• Non-small cell lung cancer

Possible Adverse Effects 

All medicines can cause adverse effects. For checkpoint inhibitors, most unwanted reactions result from stimulating the immune system. The most common symptoms caused by ipilimumab include fatigue, diarrhea, fever, skin rash, colon inflammation, decreased appetite, dizziness, and constipation. Additionally, combination treatment with nivolumab may spark headaches, vomiting, muscular and abdominal pain, increased liver enzyme levels and lowered thyroid hormone levels.

These immune-related adverse events can turn severe or life-threatening if not managed promptly. For this reason, bloodwork is required before every session, and clinicians observe patients during and after each infusion.

Future Directions

Ongoing clinical trials continue to explore new applications for ipilimumab, often in conjunction with nivolumab or other cancer treatments. There are efforts to optimize dosing and scheduling regimes, minimize adverse effects, and improve efficacy. While ipilimumab has shown limited efficacy as a single agent for certain cancers like pancreatic cancer, it demonstrates more promising antitumor activity in combination regimens for various solid tumors. Research evaluating ipilimumab plus nivolumab, chemotherapy or radiation includes cancers such as small lung cell cancer, prostate cancer and bladder cancer.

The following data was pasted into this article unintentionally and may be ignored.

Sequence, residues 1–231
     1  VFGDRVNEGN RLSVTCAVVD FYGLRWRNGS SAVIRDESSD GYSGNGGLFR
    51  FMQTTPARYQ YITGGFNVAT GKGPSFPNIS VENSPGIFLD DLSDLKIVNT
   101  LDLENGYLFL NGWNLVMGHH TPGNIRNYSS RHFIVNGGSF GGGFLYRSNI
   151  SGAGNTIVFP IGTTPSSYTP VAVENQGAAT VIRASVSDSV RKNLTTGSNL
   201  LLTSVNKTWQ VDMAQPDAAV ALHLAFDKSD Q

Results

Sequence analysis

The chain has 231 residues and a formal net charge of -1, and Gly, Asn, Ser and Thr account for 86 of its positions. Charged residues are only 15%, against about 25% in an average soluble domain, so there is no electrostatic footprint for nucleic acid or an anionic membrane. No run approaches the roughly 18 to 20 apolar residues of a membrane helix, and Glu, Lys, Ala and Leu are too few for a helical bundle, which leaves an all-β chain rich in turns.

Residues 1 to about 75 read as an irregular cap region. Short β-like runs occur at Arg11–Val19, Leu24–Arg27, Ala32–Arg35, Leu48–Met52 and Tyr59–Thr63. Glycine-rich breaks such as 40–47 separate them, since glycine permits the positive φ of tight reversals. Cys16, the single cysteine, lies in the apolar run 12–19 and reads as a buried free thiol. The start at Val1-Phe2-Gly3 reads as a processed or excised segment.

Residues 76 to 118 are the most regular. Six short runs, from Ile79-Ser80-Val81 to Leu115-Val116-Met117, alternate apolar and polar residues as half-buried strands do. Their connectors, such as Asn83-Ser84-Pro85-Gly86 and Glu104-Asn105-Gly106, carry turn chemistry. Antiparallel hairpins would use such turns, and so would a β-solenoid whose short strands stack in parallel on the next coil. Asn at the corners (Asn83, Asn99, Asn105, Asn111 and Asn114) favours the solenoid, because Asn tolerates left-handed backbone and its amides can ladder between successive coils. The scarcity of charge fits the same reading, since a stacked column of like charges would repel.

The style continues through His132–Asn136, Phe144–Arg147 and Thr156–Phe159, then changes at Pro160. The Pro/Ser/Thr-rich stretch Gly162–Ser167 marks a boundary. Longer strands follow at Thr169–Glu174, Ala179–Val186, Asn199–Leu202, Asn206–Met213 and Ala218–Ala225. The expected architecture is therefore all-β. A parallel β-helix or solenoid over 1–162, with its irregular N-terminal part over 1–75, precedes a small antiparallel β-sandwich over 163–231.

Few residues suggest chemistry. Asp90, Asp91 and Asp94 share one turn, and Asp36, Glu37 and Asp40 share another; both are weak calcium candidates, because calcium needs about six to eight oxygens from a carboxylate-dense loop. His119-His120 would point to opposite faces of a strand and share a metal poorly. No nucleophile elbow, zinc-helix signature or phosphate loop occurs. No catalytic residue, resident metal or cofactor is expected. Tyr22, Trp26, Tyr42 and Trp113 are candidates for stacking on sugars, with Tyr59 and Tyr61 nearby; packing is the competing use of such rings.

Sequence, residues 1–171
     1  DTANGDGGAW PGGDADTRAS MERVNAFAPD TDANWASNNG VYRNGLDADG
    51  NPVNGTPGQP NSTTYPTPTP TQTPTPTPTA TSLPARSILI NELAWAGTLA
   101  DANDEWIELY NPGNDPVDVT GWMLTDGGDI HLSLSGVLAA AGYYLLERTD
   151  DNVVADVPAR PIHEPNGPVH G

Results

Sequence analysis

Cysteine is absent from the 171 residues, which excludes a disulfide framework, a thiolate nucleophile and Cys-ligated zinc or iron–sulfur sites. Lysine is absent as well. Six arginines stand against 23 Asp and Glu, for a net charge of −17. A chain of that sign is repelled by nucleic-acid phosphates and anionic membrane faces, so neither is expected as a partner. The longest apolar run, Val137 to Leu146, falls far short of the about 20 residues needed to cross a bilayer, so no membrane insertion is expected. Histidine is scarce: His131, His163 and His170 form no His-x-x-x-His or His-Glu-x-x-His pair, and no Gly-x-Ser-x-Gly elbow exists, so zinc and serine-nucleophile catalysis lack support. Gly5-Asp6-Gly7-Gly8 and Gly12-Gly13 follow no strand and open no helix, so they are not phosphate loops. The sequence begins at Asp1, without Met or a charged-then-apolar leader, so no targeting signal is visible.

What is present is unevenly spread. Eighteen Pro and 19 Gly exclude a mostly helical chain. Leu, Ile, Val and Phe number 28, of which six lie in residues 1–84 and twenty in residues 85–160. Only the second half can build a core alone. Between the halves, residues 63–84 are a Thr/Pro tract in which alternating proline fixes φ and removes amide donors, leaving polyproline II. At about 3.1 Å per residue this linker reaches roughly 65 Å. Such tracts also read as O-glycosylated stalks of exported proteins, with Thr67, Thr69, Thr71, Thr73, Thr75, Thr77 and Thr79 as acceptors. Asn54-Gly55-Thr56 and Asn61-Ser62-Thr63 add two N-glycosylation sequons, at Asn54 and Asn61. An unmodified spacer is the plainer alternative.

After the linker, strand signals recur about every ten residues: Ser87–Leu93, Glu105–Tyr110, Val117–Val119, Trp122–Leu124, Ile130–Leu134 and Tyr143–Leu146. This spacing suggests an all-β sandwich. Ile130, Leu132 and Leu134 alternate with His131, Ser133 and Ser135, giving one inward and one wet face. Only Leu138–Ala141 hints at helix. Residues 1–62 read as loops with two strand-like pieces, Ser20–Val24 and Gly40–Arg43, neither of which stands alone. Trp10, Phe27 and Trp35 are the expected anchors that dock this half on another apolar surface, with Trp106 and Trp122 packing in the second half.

Ipilimumab represents a revolutionary breakthrough in cancer treatment. This trailblazing checkpoint inhibitor was the first of its kind, and even today remains singular among its competition. This medicine proved that immunotherapies of this nature can unleash the body’s anticancer forces, providing an alternative means to counter solid tumors. While the therapy demonstrates limited efficacy as a single agent, it can be coupled with other checkpoint inhibitors or cancer modalities to boost antitumor responses. Continued research will explore the boundaries of this drug’s abilities and expand its therapeutic reach.

This article joins a growing series on mono cancer treatments, including novel immunotherapies such as CAR T therapy and checkpoint inhibitors. Find more at www.williamhaseltine.com.


Read the article online on Forbes. 

© William A. Haseltine, PhD. All Rights Reserved.